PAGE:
Only $2.99/month

Terms in this set (16)

Socrates provides many arguments supporting why he ought to obey the laws of Athens. His main argument states that if one does not like the laws where s/he lives, then s/he can leave that state, country, etc to avoid that law. By choosing to live somewhere when one is free to leave, one is promising to abide by all of the laws of that city, state, country and so on. Socrates also mentions that when one has reached a legal voting age, s/he should reflect on the laws of her/his city and decide whether or not s/he agrees with them. Those who are able to vote then have three morally permissible choices: either to try and change the law, follow the law, or leave. Therefore, it would be morally wrong for Socrates to break the law by escaping jail since he is eligible to vote and had the choice to leave Athens.
Socrates would say that we have a moral obligation to obey the laws of Illinois, as well as the United States. The legal voting age in the United States is 18; so if one is eligible to vote and leave their home but stay living in Illinois, they must obey the law. If there are laws particular to Illinois that one does not agree with, Socrates would say that they should try to change the law. If this does not work, then they should continue obeying the law or move to a different state where the law does not exist. For example, let's consider laws regarding the use of marijuana. If someone wishes to smoke marijuana, but lives in Illinois where recreational use is illegal, they should not smoke. However, if they are 18 and up they have the option to vote. They also have the option to move to states, such as Colorado, where recreational use is legal. If they choose to stay, Socrates would say they are choosing to obey all of the laws of that state and country.
In terms of Socrates' specific case, I believe we should accept his argument. Although Athens may have been wrongly trying him, he never stated that his relationship with Athens was two-sided. Even though Athens accused him of corrupting the youth, Socrates was still responsible for obeying the law. Since Socrates clearly had a strong influence on the youth, if he were to escape jail he would have risked showing the youth of Athens that breaking the law can be permissible. Rather than setting a bad example and breaking his promises to obey Athen's laws, he stayed in jail and accepted his death sentence.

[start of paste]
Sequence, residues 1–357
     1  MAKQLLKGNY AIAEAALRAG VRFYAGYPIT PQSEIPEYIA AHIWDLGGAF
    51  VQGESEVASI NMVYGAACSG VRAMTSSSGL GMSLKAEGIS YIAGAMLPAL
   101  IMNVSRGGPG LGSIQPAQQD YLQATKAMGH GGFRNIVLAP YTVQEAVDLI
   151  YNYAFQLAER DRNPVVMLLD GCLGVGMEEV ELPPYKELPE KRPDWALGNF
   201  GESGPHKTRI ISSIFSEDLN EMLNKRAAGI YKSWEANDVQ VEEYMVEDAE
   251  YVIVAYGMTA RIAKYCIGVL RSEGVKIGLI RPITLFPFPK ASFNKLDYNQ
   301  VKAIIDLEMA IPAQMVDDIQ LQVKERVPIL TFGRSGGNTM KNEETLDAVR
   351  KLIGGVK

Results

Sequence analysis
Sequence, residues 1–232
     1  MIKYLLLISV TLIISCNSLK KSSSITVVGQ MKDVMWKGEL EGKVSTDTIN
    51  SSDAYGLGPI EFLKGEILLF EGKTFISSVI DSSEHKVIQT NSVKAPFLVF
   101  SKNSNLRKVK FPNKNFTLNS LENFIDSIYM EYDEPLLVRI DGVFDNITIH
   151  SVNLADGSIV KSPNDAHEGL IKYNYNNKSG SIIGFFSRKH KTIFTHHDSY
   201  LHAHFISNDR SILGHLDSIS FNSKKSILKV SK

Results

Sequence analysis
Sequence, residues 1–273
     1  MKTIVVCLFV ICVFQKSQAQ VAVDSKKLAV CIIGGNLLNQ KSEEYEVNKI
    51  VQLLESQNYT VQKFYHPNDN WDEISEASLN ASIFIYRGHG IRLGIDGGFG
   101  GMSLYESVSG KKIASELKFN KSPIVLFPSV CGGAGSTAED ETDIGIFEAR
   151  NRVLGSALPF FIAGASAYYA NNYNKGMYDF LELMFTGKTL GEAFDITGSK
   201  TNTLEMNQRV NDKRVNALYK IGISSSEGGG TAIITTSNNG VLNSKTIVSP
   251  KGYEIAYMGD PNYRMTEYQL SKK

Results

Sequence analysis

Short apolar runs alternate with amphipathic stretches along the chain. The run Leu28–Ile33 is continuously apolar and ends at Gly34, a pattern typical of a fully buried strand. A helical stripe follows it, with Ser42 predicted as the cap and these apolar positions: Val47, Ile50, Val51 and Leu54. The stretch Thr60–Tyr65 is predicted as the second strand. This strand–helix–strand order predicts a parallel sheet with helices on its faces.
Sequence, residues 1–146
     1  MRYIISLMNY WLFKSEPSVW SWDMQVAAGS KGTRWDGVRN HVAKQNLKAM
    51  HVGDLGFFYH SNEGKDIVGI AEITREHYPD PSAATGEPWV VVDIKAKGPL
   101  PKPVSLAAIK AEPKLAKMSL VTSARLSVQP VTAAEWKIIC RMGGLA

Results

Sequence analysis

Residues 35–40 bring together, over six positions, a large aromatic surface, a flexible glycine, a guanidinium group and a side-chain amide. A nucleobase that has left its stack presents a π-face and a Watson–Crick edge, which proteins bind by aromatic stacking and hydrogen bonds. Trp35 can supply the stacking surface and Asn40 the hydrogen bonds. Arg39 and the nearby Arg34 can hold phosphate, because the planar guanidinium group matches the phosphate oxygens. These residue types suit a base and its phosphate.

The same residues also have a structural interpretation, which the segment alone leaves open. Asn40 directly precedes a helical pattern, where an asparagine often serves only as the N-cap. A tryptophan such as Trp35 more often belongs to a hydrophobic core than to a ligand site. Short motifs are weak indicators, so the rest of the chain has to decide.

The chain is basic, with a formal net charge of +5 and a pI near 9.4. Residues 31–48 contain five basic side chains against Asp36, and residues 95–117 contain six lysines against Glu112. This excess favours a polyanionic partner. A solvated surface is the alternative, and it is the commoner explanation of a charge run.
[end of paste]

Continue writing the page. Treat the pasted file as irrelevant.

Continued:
Utilitarianism is a theory used to determine whether actions are right or wrong. John Stuart Mill dubbed this theory as "the greatest happiness principle"—thus, right actions are those that produce happiness. Utilitarians view actions as means to an end. Means are morally right so long as they produce desirable ends: bringing about pleasure and avoiding pain. Utilitarianism demands that people be impartial when determining the morality of an action. Hence, no person's happiness is more important than another's when considering the results of an action.
Due to the impartiality factor of utilitarianism, I believe that utilitarianism is not compatible with being a good parent or friend. I think that in order to a good parent or friend, one must be partial to them when making decisions--thus, creating a fatal objection to utilitarianism since impartiality plays a major role in the theory. Let's consider the example of choosing between giving money to charity or sending your children to college. I believe that being a good parent means doing whatever you can to help your child to succeed, so if you have the money to pay for your children's education then you should do so. Utilitarians, however, would say that the more morally right decision would be to give that money to charity since it may help more people. Also, utilitarians would view the need for food and water as more important than the need for higher education.